@Max Power: At least twice in the last couple of weeks, the TV weather stated that Dunedin recorded the lowest temperature in the country, and if you do your homework, you will also find that on average Invercargill records temperatures 1-2 degrees higher than us.

I used to love Dunedin. That's why i returned here from Australia in 1990. Unfortunately, over the last ten years the place has been ruined by dumb ideas from successive councils which will ensure our children, if they choose to stay here, will be faced with excessivly high rate bills for life. Perhaps you should get off your high horse and have a walk around town and south d and observe all the empty shops. You should also speak to a few business owners and see just how much longer they can stay afloat. I have managed a local business for the past 8 years and i know things are not good.

Maybe hospitality is doing well, but once they are asked to contribute to the fund, they will be struggling like most others. My sister has already left Dunedin, for London, and I'm here looking after my elderly mother so I'm stuck here until my job is done. My son's keen on Aussie so that's where we will eventually be heading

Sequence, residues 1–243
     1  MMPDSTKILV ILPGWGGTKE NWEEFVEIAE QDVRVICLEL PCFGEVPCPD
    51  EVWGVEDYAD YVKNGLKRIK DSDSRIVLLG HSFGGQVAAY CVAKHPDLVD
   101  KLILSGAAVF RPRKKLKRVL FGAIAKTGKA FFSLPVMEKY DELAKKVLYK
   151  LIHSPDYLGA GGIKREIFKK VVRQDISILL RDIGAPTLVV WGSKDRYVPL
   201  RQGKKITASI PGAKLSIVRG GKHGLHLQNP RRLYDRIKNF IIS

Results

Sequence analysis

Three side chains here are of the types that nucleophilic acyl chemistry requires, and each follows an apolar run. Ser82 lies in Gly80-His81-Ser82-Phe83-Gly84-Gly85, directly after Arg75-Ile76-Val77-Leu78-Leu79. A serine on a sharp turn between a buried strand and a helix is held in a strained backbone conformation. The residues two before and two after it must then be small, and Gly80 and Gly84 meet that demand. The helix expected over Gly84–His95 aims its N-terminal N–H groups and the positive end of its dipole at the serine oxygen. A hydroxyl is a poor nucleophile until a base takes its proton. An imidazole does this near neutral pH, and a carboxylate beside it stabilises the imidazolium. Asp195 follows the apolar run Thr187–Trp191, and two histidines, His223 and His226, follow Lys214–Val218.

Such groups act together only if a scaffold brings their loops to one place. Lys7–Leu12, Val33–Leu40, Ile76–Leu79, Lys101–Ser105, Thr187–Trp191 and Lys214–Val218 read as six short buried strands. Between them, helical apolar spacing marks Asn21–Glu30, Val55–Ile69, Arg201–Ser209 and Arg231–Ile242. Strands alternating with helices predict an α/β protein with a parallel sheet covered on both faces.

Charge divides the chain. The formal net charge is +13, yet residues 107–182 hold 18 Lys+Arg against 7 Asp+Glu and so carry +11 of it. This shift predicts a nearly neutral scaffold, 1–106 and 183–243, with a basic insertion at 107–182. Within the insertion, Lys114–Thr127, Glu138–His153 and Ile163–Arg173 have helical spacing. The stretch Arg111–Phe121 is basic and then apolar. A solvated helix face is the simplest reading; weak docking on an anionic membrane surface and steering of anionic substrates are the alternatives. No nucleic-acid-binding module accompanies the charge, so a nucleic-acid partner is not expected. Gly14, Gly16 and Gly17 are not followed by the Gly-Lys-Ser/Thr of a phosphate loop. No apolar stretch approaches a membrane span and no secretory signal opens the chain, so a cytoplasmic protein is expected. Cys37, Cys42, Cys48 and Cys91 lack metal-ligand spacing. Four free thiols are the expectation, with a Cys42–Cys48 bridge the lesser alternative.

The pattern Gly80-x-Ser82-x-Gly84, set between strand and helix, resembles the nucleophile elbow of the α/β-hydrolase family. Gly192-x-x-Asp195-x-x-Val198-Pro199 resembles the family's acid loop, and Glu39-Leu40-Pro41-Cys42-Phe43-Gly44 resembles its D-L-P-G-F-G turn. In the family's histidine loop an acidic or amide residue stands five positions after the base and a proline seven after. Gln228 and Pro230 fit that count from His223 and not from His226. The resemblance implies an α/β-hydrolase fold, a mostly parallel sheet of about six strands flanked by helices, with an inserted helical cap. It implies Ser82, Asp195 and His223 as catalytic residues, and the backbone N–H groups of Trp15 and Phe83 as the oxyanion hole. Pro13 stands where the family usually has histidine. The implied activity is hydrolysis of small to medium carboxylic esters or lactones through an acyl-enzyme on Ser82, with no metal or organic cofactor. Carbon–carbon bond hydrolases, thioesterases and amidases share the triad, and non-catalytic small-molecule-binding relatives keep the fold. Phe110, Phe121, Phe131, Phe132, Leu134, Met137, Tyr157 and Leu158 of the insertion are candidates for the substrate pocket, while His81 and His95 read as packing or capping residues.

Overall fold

Sweeping generalisations

"Max-Power' makes some sweeping assertions about Invercargill's weather. Pronouncing it to be worse than Dunedin's is a generalisation which is unsupportable for much of the time.

Invercargill, and Southland generally, suffers when the weather is from the south, as it is for much of the year. However, Invercargill is well protected from pleurisy-inducing easterlies, such as those which blow up our harbour for much of the time. Have a look at the weather map on any such day in Dunedin, and I'll just about guarantee that Invercargill has been several degrees warmer. And how do I know this? Well, over the years I have had ex-Southland neighbours live on every one of our boundaries but one, and that fact was siezed upon over and over again as some sort of moral superiority or 'proof' of something, although I could never work out what.

I had one question I asked in the latter stages of these exchanges: 'If the weather is so great in Invercargill, and it is as great a place to live as you contend, why did you not choose retire there, instead of coming to Dunedin? Very seldom was a reply forthcoming which was not downright 'bolshie'.

Why stay here?

Speedfreak43: Sounds like you really don't like Dunedin. I'm not sure where you see all of these business closing up - I'm not seeing them. Business is thriving with all of the new events, the cruise ships, and students arriving in town.